attraction

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 /əˈtrækʃən/

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WordReference Random House Learner's Dictionary of American English © 2016
at•trac•tion /əˈtrækʃən/USA pronunciation   n. 
  1. [uncountable] the act, power, or property of attracting.
  2. attractive quality;
    magnetic charm[uncountable]exerted a great attraction over the crowd.
  3. a characteristic or quality that provides pleasure; attractive feature[countable]tourist attractions.
  4. Physics[uncountable] the electric or magnetic force that acts between oppositely charged bodies.
See -trac-.
WordReference Random House Unabridged Dictionary of American English © 2016
at•trac•tion  (ə trakshən), 
n. 
  1. the act, power, or property of attracting.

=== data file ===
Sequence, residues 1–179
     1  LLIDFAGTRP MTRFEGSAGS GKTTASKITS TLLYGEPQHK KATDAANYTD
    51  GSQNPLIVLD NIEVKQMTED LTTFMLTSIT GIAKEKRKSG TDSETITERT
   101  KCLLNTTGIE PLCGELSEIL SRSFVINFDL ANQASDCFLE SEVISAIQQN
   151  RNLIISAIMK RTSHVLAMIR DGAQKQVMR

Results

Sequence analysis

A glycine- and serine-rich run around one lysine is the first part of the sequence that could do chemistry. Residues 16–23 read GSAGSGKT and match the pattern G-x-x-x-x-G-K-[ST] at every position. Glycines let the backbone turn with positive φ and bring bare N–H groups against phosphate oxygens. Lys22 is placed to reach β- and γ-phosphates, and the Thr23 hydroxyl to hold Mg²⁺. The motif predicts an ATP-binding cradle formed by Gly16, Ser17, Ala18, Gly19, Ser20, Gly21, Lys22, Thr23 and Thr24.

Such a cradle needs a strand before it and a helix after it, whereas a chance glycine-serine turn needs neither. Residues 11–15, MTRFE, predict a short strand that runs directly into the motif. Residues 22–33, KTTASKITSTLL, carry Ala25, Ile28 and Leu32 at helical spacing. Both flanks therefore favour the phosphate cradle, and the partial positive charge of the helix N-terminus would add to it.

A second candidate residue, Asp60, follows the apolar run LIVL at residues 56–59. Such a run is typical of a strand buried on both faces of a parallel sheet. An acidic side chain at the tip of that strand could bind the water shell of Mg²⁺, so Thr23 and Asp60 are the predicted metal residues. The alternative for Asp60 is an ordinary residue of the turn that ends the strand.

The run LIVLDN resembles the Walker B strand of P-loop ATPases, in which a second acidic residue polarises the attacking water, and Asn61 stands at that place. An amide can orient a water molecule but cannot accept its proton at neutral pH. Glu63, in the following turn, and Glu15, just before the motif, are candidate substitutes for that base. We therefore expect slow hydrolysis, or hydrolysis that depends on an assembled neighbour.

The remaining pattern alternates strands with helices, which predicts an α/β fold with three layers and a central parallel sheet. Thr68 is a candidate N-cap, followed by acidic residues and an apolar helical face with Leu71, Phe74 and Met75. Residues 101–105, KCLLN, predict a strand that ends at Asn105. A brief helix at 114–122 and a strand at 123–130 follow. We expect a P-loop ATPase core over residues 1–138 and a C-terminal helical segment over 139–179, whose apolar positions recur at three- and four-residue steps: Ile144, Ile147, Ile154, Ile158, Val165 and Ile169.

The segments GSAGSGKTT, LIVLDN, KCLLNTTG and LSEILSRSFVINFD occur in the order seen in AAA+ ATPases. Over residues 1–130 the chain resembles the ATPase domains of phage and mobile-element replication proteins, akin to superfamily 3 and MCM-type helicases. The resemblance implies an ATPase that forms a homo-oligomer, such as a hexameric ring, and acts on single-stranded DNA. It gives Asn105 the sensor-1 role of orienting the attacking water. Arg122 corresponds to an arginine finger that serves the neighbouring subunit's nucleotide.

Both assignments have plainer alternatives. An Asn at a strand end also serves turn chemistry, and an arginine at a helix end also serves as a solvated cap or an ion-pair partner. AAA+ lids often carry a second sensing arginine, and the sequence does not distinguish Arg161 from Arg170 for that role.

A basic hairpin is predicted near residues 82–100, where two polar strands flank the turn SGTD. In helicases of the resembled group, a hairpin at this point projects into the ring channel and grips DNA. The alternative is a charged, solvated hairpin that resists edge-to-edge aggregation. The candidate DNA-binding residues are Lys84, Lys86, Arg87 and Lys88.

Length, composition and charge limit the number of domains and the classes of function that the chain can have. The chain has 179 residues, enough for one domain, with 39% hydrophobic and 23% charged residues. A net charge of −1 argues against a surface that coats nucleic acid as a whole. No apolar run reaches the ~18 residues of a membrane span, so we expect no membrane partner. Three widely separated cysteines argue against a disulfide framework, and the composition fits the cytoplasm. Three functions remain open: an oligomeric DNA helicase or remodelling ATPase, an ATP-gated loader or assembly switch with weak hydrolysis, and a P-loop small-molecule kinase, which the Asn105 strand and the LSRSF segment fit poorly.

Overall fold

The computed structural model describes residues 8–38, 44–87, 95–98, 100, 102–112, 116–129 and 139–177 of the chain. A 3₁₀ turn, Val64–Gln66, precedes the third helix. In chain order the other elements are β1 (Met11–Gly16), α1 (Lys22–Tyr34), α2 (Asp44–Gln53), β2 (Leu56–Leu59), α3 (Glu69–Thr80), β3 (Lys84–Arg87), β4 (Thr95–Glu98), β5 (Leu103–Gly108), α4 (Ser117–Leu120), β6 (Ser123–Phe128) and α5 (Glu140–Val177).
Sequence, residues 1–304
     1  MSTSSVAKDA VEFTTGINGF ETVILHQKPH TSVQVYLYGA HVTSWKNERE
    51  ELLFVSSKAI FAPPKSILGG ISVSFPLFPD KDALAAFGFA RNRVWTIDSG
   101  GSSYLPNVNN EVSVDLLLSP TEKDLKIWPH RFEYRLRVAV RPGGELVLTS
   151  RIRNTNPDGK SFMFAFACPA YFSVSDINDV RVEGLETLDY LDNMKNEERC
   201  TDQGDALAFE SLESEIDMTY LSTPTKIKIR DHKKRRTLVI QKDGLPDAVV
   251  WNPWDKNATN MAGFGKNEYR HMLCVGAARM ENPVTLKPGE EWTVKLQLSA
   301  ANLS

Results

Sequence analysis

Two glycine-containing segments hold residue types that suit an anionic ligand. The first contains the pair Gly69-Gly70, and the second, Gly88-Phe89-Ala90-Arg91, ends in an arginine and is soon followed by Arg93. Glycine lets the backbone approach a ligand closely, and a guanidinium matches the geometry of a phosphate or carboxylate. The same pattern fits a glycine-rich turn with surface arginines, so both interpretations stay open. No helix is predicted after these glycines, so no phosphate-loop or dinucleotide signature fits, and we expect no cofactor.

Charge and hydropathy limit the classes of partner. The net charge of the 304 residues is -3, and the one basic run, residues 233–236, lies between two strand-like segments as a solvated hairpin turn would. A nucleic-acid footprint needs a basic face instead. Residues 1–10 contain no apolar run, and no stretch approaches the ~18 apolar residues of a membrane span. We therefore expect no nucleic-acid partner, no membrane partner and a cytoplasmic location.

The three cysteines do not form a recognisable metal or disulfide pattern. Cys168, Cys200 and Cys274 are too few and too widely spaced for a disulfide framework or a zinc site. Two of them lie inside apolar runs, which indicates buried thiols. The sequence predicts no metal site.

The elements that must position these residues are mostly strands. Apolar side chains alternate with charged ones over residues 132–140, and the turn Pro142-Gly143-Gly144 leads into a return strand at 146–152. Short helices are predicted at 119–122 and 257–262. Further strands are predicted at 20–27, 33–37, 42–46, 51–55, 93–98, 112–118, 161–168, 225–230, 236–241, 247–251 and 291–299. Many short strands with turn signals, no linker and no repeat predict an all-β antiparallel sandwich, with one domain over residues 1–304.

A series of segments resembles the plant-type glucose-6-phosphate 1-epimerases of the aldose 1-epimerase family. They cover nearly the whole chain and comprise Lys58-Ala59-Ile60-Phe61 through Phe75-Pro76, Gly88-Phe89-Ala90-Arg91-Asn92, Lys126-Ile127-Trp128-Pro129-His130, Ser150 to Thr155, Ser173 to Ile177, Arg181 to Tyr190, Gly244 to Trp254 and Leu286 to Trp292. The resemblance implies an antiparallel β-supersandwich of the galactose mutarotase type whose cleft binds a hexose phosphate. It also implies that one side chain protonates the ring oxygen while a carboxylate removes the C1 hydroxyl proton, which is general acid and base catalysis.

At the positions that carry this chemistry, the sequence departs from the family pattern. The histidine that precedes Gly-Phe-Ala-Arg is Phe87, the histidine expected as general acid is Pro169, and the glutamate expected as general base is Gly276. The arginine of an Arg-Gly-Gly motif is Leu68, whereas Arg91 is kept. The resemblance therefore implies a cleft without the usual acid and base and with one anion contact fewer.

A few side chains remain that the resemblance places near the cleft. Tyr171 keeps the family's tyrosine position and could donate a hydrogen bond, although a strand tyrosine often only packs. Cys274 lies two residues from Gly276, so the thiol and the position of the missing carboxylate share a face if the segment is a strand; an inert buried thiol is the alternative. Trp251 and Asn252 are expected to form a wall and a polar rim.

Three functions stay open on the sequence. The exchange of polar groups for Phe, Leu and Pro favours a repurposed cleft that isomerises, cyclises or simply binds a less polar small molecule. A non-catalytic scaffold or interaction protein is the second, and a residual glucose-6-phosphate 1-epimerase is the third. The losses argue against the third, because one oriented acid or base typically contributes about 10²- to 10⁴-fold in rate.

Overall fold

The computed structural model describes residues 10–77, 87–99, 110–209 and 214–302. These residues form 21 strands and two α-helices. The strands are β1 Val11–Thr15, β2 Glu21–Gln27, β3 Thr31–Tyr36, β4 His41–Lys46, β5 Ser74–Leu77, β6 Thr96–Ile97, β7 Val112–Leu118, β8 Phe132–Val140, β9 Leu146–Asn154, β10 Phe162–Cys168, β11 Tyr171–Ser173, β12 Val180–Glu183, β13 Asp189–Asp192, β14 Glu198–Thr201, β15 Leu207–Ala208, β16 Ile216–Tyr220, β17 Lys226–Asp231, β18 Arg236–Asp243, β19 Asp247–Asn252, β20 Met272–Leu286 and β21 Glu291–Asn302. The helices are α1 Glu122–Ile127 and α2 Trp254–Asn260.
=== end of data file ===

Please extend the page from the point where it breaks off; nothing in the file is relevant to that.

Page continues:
2. attractive quality;
    magnetic charm;
    fascination;
    allurement;
    enticement:the subtle attraction of her strange personality.
  3. a person or thing that draws, attracts, allures, or entices:The main attraction was the after-dinner speaker.
  4. a characteristic or quality that provides pleasure; attractive feature:The chief attractions of the evening were the good drinks and witty conversation.
  5. Physics[Physics.]the electric or magnetic force that acts between oppositely charged bodies, tending to draw them together.
  6. an entertainment offered to the public.
Etymology:
  • Medieval Latin attractiōn- (stem of attractiō). See attract, -ion
  • Anglo-French)
  • late Middle English attraccioun ( 1375–1425
at•traction•al•ly, adv. 
2 . appeal, lure. 6 . show, spectacle.

Collins Concise English Dictionary © HarperCollins Publishers::

attraction /əˈtrækʃən/ n
  1. the act, power, or quality of attracting
  2. a person or thing that attracts or is intended to attract
  3. a force by which one object attracts another, such as the gravitational or electrostatic force



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